You may think that with the number of new properties being completed within these couple of years, more HDB upgraders will be in a hurry to sell. But as the figures show, fewer resale HDB flats are put out there in the market as many choose instead to hold on to their flats in wait of the market upturn.
The quicker rise in prices of private mass-market homes could also be part of the reason for this inertia to upgrade. Prices of condominiums have risen 4.8 per cent and coupled with the decreasing ability to receive and maintain a realistic home loan, many may have given up their plans to upgrade, at least temporarily.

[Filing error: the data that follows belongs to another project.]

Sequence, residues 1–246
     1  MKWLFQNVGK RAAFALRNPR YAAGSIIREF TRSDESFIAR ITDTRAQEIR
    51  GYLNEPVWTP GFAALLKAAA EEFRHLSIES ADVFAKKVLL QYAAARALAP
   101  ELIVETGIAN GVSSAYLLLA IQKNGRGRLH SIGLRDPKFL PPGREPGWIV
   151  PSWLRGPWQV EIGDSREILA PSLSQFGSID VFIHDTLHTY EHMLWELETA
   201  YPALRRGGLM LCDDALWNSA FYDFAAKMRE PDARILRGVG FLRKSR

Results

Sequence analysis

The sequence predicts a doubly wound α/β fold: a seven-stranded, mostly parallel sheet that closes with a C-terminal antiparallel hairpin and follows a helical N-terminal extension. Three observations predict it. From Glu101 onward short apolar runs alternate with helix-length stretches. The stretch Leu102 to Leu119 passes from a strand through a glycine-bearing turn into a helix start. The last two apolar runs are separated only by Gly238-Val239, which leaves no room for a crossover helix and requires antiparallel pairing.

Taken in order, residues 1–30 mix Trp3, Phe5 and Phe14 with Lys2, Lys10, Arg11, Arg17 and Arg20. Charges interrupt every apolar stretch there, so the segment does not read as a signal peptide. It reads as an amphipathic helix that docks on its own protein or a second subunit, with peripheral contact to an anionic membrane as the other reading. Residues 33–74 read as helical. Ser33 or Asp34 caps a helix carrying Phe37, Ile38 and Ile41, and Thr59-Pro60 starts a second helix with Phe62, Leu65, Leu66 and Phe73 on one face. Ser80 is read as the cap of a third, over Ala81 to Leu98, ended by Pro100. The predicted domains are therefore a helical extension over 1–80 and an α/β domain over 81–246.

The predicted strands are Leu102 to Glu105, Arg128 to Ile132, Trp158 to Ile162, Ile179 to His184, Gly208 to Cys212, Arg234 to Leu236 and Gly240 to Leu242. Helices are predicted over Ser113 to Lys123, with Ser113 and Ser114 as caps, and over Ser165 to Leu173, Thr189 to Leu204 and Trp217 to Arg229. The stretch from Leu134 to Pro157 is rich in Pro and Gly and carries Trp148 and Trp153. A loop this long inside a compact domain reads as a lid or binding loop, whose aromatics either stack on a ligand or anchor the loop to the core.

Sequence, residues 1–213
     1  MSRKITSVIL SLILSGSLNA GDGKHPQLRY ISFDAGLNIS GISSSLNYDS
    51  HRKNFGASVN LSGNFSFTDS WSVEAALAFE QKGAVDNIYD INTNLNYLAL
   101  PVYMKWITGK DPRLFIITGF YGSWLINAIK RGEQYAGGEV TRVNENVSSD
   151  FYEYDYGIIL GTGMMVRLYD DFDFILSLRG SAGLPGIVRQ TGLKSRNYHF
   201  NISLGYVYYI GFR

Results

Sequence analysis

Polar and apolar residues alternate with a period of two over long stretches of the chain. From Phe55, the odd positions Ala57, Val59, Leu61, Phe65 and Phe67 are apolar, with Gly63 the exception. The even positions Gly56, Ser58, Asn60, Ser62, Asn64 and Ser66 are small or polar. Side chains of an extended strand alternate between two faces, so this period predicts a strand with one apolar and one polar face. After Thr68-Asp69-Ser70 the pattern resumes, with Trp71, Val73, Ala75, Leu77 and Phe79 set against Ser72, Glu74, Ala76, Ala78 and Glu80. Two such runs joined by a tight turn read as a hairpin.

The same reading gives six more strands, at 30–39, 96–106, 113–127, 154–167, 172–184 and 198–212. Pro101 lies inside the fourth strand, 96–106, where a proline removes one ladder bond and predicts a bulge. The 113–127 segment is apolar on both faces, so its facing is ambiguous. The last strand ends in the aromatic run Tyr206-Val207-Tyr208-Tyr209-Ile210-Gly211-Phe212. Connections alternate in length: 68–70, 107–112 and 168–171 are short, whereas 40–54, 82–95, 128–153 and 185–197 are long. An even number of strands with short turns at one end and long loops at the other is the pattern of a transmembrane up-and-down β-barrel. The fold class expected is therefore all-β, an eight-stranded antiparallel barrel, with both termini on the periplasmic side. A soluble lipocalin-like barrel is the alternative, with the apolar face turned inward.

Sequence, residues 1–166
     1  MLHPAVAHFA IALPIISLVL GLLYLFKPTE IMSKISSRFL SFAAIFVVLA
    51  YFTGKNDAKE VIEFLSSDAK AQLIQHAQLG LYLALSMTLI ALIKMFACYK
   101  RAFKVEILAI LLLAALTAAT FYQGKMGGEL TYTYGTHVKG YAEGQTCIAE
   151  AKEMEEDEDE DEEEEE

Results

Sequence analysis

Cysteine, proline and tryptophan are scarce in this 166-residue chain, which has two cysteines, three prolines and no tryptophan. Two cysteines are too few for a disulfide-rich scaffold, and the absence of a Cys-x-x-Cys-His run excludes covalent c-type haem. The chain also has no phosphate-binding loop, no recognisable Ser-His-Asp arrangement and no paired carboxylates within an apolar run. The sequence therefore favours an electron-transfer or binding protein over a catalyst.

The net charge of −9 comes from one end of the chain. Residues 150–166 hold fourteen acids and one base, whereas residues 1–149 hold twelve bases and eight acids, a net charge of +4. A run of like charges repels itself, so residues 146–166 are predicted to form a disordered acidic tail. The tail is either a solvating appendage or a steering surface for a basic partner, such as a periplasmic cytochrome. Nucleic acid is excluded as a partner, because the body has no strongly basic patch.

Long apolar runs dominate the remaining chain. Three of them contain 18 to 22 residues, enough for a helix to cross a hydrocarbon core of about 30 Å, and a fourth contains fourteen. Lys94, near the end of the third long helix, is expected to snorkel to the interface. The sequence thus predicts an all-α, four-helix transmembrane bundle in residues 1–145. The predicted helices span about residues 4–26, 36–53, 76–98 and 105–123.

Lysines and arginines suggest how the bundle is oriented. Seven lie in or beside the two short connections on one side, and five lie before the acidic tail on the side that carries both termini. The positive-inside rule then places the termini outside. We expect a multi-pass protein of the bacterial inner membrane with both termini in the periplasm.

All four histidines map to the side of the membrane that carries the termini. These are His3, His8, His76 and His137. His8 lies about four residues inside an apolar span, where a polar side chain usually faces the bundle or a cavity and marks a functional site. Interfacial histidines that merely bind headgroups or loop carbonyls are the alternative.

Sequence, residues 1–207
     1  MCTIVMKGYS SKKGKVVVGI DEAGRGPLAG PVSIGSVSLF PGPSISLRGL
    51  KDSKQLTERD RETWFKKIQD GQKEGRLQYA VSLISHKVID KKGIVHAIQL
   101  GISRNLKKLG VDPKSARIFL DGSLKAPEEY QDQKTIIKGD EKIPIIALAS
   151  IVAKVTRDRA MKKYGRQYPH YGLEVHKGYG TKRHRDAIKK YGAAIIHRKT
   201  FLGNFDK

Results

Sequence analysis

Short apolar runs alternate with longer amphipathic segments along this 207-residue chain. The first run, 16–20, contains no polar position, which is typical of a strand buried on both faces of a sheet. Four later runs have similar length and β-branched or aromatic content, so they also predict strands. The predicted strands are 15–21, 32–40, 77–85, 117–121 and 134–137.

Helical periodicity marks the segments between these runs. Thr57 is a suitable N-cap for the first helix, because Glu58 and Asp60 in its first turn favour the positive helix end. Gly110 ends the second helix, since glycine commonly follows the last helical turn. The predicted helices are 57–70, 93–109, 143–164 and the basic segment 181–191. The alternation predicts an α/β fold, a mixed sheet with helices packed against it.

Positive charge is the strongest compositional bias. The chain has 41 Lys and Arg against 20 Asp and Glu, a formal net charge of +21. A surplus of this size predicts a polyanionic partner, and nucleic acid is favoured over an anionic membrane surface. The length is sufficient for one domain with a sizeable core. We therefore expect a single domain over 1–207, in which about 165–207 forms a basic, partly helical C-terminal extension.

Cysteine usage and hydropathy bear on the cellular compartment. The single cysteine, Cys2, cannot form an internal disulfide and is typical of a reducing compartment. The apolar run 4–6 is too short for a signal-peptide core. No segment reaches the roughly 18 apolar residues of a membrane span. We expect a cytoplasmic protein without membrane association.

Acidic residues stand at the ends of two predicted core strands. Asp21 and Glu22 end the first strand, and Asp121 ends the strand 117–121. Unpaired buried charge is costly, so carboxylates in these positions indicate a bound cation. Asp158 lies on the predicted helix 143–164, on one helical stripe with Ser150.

But it is just as well, since demand for HDB resale flats has also fallen, especially since singles are now able to purchase new flats directly from HDB and permanent residents now have a 3-year waiting period after receiving their PR status before being allowed to purchase a HDB flat.
The first sign of the decline in demand was shown in the COV figures. From a 6-figure sum just not long ago, it is now at a zero median in February this year. Some have even been reported to have sold below valuation price.
It is uncertain how long this lacklustre situation will last, but at least for this year, the market seems relatively quiet.